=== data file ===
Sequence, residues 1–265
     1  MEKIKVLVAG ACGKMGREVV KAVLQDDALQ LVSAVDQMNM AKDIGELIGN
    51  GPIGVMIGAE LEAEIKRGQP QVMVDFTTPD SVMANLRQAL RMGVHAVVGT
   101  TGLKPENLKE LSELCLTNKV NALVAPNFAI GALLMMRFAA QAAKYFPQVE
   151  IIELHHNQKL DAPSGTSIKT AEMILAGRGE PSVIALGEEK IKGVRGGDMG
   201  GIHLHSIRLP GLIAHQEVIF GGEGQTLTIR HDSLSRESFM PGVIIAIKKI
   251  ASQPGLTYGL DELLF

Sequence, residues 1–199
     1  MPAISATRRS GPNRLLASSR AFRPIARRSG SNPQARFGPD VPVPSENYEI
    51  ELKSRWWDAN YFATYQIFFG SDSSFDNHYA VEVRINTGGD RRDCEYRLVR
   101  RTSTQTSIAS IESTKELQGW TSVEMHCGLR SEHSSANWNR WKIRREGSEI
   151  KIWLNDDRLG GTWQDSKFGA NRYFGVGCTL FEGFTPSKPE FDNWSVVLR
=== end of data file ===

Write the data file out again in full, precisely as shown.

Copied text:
Sequence, residues 1–265
     1  MEKIKVLVAG ACGKMGREVV KAVLQDDALQ LVSAVDQMNM AKDIGELIGN
    51  GPIGVMIGAE LEAEIKRGQP QVMVDFTTPD SVMANLRQAL RMGVHAVVGT
   101  TGLKPENLKE LSELCLTNKV NALVAPNFAI GALLMMRFAA QAAKYFPQVE
   151  IIELHHNQKL DAPSGTSIKT AEMILAGRGE PSVIALGEEK IKGVRGGDMG
   201  GIHLHSIRLP GLIAHQEVIF GGEGQTLTIR HDSLSRESFM PGVIIAIKKI
   251  ASQPGLTYGL DELLF

Sequence, residues 1–199
     1  MPAISATRRS GPNRLLASSR AFRPIARRSG SNPQARFGPD VPVPSENYEI
    51  ELKSRWWDAN YFATYQIFFG SDSSFDNHYA VEVRINTGGD RRDCEYRLVR
   101  RTSTQTSIAS IESTKELQGW TSVEMHCGLR SEHSSANWNR WKIRREGSEI
   151  KIWLNDDRLG GTWQDSKFGA NRYFGVGCTL FEGFTPSKPE FDNWSVVLR